Despite all the fanfare over the Obama Administration’s announcement of deferred action status for DREAM-eligible youth, it hasn’t actually begun. Eligible applicants must fill out a form to get the deferred action status for themselves, and that process will commence on August 15. And US Citizenship and Immigration Services announced yesterday that the immigrants will have to pay the US government $465 for the privilege.

Young illegal immigrants can start applying on August 15 for two-year deferrals from deportation, but will have to pay $465 in fees, a top immigration official announced Friday.

The announcement provided the first details of the Obama administration’s policy change announced June 15 that provides some illegal immigrants who came to the United States as children a path to an employment authorization card without fear of getting deported.

Under the new policy, people younger than 30 who came to the United States before the age of 16, pose no criminal or security threat, and were successful students or served in the military can get a two-year deferral from deportation as well as an employment authorization card.

Applicants must meet a number of other requirements, including certification that they have lived continuously in the US for five years, beyond their age and lack of a criminal record and student or military status.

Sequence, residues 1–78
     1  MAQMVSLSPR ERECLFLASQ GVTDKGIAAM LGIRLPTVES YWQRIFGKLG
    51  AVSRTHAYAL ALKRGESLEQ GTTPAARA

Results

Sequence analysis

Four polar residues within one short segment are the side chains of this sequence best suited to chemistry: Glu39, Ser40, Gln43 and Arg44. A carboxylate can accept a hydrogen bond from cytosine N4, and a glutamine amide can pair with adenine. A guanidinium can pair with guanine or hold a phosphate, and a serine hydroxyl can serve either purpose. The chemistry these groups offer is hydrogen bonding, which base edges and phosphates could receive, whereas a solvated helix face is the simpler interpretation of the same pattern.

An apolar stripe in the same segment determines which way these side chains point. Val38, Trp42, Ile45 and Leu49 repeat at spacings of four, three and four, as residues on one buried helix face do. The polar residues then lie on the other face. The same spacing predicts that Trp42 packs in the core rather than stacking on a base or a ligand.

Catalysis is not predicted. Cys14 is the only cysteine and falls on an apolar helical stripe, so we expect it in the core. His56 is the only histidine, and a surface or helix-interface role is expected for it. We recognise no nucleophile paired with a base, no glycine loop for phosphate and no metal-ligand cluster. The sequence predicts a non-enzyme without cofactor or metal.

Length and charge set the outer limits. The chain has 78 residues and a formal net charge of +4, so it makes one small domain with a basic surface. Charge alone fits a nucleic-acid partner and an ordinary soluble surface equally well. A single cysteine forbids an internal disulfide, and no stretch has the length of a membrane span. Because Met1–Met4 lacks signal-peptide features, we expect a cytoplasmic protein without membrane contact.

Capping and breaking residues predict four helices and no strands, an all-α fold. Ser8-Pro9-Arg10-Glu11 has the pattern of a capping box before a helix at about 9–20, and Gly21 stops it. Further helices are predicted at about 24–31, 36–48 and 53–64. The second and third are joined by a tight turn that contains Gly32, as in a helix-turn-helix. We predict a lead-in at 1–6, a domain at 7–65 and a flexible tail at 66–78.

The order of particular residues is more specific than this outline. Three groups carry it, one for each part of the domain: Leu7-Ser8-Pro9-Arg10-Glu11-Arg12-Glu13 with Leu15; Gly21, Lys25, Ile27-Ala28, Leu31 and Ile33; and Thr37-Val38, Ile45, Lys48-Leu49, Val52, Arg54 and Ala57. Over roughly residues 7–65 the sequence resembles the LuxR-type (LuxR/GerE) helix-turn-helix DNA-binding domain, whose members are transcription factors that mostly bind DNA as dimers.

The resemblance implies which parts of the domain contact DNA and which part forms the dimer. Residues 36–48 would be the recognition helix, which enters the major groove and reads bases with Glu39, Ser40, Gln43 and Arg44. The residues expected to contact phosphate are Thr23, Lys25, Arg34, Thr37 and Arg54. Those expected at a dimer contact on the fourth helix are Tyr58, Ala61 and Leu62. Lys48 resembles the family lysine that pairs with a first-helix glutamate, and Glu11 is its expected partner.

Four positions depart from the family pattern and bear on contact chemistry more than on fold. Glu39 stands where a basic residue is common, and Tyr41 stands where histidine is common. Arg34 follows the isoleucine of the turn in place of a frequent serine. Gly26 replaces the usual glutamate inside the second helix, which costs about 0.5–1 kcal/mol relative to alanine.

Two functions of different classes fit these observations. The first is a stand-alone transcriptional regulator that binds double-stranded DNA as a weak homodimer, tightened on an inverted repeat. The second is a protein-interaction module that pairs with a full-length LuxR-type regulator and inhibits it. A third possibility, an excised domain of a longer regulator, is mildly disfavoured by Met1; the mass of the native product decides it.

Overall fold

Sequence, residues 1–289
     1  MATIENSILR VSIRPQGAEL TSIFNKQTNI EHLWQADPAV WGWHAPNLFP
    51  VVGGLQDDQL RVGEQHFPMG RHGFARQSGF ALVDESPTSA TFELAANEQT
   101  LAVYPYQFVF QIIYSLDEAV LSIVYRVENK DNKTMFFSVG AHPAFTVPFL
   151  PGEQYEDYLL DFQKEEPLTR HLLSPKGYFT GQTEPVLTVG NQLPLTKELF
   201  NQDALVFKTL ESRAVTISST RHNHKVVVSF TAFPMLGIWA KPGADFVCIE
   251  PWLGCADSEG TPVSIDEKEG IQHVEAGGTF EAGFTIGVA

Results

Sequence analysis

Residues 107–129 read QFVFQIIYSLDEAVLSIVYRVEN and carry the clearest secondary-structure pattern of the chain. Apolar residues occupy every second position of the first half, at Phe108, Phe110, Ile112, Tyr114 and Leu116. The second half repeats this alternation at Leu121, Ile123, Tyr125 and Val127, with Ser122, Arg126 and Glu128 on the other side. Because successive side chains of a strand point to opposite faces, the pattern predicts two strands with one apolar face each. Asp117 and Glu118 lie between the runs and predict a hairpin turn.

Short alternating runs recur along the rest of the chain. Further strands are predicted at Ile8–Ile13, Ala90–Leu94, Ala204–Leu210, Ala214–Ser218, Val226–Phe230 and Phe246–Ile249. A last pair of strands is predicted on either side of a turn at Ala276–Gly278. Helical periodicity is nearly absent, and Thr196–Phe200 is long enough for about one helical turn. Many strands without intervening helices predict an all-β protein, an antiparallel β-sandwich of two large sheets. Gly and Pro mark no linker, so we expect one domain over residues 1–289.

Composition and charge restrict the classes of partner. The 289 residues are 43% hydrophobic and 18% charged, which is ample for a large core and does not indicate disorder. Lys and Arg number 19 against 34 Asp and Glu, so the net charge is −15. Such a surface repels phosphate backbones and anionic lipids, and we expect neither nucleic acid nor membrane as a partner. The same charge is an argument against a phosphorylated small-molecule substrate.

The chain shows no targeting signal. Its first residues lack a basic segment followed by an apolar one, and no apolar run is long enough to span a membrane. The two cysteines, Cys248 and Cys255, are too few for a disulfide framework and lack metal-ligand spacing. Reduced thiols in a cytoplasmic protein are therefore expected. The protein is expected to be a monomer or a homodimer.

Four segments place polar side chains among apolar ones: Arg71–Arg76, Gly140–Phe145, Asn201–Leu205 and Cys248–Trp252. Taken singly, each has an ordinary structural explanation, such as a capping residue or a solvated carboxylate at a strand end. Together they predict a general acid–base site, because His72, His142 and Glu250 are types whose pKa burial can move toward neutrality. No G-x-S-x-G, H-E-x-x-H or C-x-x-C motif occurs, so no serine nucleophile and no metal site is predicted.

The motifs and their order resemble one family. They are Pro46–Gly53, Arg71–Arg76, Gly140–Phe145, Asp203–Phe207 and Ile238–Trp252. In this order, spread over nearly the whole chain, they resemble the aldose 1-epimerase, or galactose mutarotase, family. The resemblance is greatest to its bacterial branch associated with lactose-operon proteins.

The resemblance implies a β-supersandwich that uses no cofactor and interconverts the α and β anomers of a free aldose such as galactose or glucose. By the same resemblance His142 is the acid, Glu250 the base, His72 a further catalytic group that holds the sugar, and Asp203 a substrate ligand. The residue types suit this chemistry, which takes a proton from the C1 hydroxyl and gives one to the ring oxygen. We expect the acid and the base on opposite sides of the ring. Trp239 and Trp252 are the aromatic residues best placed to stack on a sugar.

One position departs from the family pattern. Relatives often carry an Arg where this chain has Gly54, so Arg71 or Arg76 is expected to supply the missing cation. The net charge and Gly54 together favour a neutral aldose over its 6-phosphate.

The application costs pay for implementing the policy change, which includes a criminal background check and the verification of biometric detail, which is disturbingly part of the application process. USCI maintains they will not use the private information for immigration enforcement, but of course that’s under this regime and not a future one.

But let’s look at the $465. This may or may not be a barrier to the application process. In some cases, these talented students come from successful families. In other cases – probably the majority – they represent the lower end of the income ladder. Being undocumented, they have trouble finding legal employment. And their families might not have the means to help. So $465 could easily be a barrier to applying for deferred action status. A senior Administration official did say on a conference call that some immigrants could get an exemption from the costs, but only in “exceptional” cases, like homelessness or disability.

You have to look at this in the context of the Administration’s announcement. “It makes no sense to expel talented young people who are, for all intents and purposes, Americans,” President Obama said on June 15. But it does make sense to charge them $465 to allow them to stay in America.